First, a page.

THE EXECUTIVE'S bold initiative - New Community Schools - is starting to accelerate. As the former minister Lord Sewel stated in the report The Exciting Challenge, it is designed to avoid "a threat to the liberal democracy we enjoy".
Apocalyptic language! Even the most ardent enthusiasts of the initiative may well think this is expecting too much, but it does serve to illustrate the vital role assigned to New Community Schools.
The Executive is investing a considerable amount of new money to focus the combined expertise of health, social and education to combat the ramifications of the erosion of our social fabric, particularly family life, on the education system.
It obviously appreciates that unless the comprehensive system evolves successfully to meet the challenge, the real prospect in several years will be an even more fragmented system (the antithesis of the New Community School objective), with the affluent increasingly fleeing the chaos of failing comprehensives to the safety of the private sector, or alternatively buying an appropriate school ethos for their children by moving home.
The stakes are high. But more money does not ineluctably result in higher attainment and social inclusion. So, what is the probability of a vibrant state system meeting the needs of all our communities' children five or 10 years from now?
In this context it is interesting to read the recent commendable publication Improving Leadership in Scottish Schools. In usual HMI- speak, we are assured that most of "the leadership of headteachers was very good or showed more strengths than weaknesses", based on the earlier report, Standards and Quality in Scottish Schools 1995-1998.
The central message, however, is that "in many schools there is clearly scope for improving the quality of leadership". That small word "many" is not quantified, but since it was written by Douglas Osler, senior chief inspector of schools, it would be prudent to assume he ha good grounds for his assertion.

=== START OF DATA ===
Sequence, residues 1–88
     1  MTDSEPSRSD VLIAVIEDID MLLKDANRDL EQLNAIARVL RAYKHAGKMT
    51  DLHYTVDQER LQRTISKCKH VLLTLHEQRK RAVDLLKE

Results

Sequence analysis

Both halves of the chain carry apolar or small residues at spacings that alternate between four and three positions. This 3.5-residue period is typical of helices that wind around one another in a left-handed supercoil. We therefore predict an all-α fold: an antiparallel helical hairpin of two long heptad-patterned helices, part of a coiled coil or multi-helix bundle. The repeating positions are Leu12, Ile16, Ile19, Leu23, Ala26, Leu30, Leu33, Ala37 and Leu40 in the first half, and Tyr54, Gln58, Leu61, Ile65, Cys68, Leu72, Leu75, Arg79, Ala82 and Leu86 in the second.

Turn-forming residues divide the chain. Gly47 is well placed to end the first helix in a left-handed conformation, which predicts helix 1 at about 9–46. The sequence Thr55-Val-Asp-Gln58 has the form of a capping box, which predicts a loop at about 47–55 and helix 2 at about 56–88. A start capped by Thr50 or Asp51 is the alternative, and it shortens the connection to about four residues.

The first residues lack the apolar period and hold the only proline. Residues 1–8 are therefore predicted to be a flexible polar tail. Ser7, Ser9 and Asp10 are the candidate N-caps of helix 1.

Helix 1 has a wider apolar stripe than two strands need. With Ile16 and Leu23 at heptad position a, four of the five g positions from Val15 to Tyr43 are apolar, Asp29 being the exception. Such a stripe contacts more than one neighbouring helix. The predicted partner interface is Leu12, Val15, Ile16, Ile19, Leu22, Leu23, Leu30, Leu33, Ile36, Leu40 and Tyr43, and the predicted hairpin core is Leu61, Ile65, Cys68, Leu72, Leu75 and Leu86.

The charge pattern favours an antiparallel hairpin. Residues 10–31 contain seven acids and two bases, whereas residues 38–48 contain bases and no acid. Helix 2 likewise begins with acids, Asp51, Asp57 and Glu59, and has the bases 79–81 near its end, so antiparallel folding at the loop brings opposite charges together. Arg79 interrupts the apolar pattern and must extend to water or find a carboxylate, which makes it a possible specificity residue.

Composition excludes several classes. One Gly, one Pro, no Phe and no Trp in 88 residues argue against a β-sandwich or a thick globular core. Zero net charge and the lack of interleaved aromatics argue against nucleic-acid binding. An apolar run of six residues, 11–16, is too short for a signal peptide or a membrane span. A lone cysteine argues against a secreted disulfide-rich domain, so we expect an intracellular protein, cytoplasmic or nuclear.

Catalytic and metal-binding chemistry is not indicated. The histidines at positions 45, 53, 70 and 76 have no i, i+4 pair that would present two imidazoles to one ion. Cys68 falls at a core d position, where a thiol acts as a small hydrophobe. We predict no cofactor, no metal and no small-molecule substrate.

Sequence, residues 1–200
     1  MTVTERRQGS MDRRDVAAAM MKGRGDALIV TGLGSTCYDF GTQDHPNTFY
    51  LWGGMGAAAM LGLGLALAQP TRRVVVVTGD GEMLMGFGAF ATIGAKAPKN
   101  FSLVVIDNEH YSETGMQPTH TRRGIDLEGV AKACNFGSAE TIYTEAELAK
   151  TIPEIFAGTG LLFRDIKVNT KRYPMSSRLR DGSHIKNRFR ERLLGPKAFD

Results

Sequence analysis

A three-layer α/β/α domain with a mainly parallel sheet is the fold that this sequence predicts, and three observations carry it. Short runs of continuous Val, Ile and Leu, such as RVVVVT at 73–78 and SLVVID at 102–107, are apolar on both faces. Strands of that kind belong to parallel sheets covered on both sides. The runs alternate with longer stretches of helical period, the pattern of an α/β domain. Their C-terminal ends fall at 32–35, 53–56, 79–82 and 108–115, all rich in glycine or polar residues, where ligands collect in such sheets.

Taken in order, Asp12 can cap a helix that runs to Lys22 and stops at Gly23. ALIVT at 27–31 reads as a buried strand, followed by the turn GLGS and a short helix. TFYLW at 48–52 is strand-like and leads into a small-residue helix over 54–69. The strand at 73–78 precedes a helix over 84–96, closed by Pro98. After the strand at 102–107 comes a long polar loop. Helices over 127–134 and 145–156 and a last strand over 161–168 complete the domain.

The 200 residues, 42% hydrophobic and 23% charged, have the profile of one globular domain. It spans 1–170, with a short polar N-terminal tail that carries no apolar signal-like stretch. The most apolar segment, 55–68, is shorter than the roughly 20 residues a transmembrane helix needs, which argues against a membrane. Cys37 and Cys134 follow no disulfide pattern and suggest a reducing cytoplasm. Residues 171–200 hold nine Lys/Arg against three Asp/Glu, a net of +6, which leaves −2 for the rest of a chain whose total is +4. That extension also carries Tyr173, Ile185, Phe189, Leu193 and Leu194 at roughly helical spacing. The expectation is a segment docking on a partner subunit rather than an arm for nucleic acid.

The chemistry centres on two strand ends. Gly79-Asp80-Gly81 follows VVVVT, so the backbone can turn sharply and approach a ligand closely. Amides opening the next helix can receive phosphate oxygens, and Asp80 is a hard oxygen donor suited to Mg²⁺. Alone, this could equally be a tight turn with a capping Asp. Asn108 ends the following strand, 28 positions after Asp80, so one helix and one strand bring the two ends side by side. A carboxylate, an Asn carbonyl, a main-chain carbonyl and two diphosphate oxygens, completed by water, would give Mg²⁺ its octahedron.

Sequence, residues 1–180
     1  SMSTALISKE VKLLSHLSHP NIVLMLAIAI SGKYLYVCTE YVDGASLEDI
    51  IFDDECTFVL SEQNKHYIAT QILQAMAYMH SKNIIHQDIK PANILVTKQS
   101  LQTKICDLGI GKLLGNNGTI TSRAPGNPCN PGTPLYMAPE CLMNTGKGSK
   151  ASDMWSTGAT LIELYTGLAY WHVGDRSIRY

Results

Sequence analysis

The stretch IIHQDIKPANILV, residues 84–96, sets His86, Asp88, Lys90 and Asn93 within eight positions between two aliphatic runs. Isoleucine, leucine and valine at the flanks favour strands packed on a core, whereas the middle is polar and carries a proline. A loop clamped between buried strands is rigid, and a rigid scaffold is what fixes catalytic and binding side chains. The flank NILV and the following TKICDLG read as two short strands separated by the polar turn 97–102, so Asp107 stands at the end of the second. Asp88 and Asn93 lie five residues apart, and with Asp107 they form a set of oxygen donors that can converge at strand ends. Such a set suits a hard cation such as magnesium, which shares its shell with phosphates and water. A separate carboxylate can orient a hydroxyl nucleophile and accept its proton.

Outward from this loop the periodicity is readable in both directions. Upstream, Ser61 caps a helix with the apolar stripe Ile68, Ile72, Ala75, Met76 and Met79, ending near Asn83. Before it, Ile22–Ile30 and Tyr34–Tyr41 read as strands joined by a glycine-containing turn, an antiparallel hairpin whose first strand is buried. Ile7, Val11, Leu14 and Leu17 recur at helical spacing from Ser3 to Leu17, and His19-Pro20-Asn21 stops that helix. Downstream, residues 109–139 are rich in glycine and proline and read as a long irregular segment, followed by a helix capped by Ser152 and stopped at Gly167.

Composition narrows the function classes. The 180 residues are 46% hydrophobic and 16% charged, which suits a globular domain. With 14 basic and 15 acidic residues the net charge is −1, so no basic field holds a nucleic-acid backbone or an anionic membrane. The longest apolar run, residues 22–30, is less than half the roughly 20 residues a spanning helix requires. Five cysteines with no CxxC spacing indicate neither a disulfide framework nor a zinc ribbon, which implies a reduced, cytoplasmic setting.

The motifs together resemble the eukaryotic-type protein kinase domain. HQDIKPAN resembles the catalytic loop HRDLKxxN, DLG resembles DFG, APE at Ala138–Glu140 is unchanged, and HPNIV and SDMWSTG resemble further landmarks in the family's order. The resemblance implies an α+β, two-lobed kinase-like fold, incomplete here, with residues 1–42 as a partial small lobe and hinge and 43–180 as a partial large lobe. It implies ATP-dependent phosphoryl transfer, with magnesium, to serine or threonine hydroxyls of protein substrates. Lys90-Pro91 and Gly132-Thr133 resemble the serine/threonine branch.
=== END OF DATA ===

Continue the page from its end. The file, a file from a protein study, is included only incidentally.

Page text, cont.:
He goes to the kernel of the issue by opining that "we need to give more attention to the role of leadership (particularly that of headteachers) throughout the organisation" and "that school management has to be much more than efficient day-to-day administration" if "we hope to make a real difference to pupils' experience".
Ironically, in recent years it has been the class teacher who has often been castigated for alleged failings and inflexibility. In contrast, senior management teams have escaped lightly. As the HMI reports highlight, senior managers are generally very good administrators - producing impressive staff manuals and policies - at least on paper.
But they have far too often failed to develop and share a vision, based on shared values, for their staff and pupils. As Joe Hallgarten stated in a recent report, Parents Exist OK!?, by the Institute for Public Policy Research, "for all the rhetoric about encouraging home-school links, the reality is that many schools have relegated parents down their list of priorities".
Consulting parents, staff, pupils and the wider community, when it has been attempted, has often failed miserably, primarily because people very quickly perceive when they are being patronised and manipulated by myopic senior managers intent on providing some spurious legitimacy to their own, rather than a shared, agenda.
Thankfully there are those in senior school management, hopefully an increasing number, who are communicating a vision, and they are genuinely tapping into the enormous creative potential of teachers and the entire community.
As our New Community Schools gear up to confront truly gargantuan challenges, can those devoid of the leadership skills acquire them? Assuming such skills can be acquired, can supposed leaders do it quickly enough to allow the New Community Schools to make a significant difference for all our children? Let us hope so, for as we are informed in Proverbs, "where there is no vision the people perish".
David Halliday is a history teacher and principal teacher of business education, Eyemouth High School.